Saturday, 16 November 2019

Notes from "Led by Donkeys" by Led by Donkeys

Led by Donkeys, four activists who used billboard posters to highlight political hypocrisy, have published a book describing how they formed and their early campaigns. It's a great little book (buy it at Hive), recommended without reservation. This post mentions just a few of the points made which particularly caught BFTF's attention.

Led By Donkeys : How four friends with a ladder took on Brexit

Led by Donkeys formed late in 2018 when they decided to use billboards to highlight the "most offensive lies, lunacy and hypocrisy of our Brexit overlords", quickly finding examples such as these :

"The day after we vote to leave we hold all the cards and can choose the path we want" - Michael Gove

"The Free Trade Agreement that we will do with the European Union should be one of the easiest in human history" -Liam Fox

"There will be no downside to Brexit, only a considerable upside" - David Davis

"Getting out of the EU can be quick and easy - the UK holds most of the cards in any negotiation" - John Redwood

Initially, Led by Donkeys ran a guerilla campaign, "borrowing" billboards and pasting the posters, nervously, and somewhat illegally, by night. As they had never done this before, they had a steep learning curve (protip, it turns out, is to make sure your paste isn't too runny). Incidentally, an actual physical poster (which comes in 12 sections) is quite cheap, around £40. It is the time on the hoarding that is expensive, unless you are stealing that, of course.

One of the first posters. Credit : LBD / Twitter

By February 2019, and with only a handful of posters having being put up, media attention was already resulting in politicians being asked to account for their quotes.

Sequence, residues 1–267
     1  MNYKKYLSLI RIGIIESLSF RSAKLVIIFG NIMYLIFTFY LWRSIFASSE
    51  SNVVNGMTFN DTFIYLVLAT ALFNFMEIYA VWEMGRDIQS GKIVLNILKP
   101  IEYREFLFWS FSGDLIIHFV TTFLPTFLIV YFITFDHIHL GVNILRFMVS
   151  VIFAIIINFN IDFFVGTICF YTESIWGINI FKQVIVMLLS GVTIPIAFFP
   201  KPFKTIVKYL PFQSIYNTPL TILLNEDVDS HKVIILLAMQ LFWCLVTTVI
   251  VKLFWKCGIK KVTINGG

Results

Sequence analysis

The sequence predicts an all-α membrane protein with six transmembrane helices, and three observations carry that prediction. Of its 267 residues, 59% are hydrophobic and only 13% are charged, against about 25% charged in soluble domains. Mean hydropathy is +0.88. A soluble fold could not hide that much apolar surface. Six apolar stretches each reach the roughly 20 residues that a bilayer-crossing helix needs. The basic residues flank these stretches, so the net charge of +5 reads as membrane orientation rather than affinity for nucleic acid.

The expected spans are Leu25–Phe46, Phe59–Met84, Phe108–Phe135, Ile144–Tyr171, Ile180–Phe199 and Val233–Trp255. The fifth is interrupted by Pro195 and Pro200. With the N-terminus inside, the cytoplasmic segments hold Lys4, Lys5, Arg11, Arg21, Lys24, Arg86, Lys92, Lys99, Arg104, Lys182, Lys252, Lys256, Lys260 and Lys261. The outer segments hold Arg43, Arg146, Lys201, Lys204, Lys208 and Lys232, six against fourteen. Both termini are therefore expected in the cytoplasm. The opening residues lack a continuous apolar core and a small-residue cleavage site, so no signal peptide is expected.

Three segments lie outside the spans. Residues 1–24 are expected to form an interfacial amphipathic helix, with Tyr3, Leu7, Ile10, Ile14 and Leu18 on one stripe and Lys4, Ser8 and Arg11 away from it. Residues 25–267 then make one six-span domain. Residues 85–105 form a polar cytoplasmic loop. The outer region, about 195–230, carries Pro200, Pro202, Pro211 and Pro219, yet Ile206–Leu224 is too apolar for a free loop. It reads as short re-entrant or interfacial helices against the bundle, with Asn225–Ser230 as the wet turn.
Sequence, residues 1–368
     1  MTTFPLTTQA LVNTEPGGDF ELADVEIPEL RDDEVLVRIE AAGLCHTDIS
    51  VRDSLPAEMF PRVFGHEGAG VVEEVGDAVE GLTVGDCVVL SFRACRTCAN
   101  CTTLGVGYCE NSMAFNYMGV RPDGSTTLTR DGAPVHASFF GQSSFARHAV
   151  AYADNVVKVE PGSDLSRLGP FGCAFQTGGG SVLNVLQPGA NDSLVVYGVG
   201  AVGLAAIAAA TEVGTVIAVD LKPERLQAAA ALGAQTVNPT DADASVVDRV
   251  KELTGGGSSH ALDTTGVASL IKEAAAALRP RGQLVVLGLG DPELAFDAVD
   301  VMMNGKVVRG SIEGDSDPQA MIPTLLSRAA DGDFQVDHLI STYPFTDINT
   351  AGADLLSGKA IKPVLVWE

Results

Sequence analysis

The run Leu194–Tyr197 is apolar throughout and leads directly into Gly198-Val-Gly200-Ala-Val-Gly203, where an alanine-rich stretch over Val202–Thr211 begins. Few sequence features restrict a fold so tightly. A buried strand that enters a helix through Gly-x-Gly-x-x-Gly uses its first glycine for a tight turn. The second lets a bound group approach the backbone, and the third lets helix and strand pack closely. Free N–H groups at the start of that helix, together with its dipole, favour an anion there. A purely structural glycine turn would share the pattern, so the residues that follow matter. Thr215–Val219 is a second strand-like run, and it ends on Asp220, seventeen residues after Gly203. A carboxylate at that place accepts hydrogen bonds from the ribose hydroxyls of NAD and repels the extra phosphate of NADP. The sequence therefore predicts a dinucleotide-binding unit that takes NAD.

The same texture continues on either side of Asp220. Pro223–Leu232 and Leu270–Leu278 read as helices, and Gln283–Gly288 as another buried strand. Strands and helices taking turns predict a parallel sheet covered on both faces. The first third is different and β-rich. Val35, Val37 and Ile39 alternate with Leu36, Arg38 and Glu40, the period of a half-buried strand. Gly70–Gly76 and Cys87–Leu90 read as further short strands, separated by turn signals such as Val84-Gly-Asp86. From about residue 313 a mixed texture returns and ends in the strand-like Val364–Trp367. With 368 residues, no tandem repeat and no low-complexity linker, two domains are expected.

Also, people were asking, via social media, for Led by Donkeys to put posters up in their part of the UK, and suggesting that the group should crowdfund to finance the effort. Realising that their guerilla posters were being taken down quickly, and that their family and work commitments mean they could not give the project as much time as there was demand for posters, the group decide to take the crowdfunding route. They aim for £10k and after 48hrs find that they have received over £56k!

Led by Donkeys start calling up companies who own billboards. First up is market leader JCDecaux, who have previously had no problem plastering UKIP posters around the UK. Their response : "Absolutely no way. Sorry, this is all to political for us".

Fortunately, two smaller outfits, Airoutdoor and Build, are interested in putting up Led by Donkeys posters. Well, all apart from one poster. It's non negotiable from the Led by Donkeys point of view, so the team post it up themselves as one final guerilla posting before going legitimate.

Last poster before going legit. Credit : LBD / Twitter

But Led by Donkeys still need one of the big players to get the posters truly national. And after a "short but intense bollocking", Clear Channel (one of whose boards LBD has pasted over in the early days) agreed to take LBD's business.

Clear channel owned a number of double sized boards, which allowed two tweets to be displayed side by side, emphasising the hypocrisy :

Side by side Tweets highlight hypocrisy. Credit : LDB/ Twitter

By now, the group are on a roll and posters are appearing across the UK, many of which are pictured in the book, which also talks about how the group reacted to (justified) criticism of some of the posters; how the group trolled Nigel Farange on his march; and the last minute efforts to get a huge banner unfurled at the March 2019 People's Vote march.

Banner at the March 2019 People Vote March. Credit : Jiri Rezac/ Led By Donkeys

It is also fascinating to see what is, or is not, acceptable to the ad companies and to local councils. In one project, LBD, ask local activists to spray paint their comments onto blank template of a Jeremy Corbyn tweet. The activists duly oblige - but the next day the local council (Islington) give orders for the poster to be covered up, saying its graffiti. So LBD use a press picture of the spray painted board, mock it up on a computer with an ornate frame and order that as a poster. Now, apparently, it is allowed to stay up!

As mentioned earlier, this is a book that is recommended without reservation!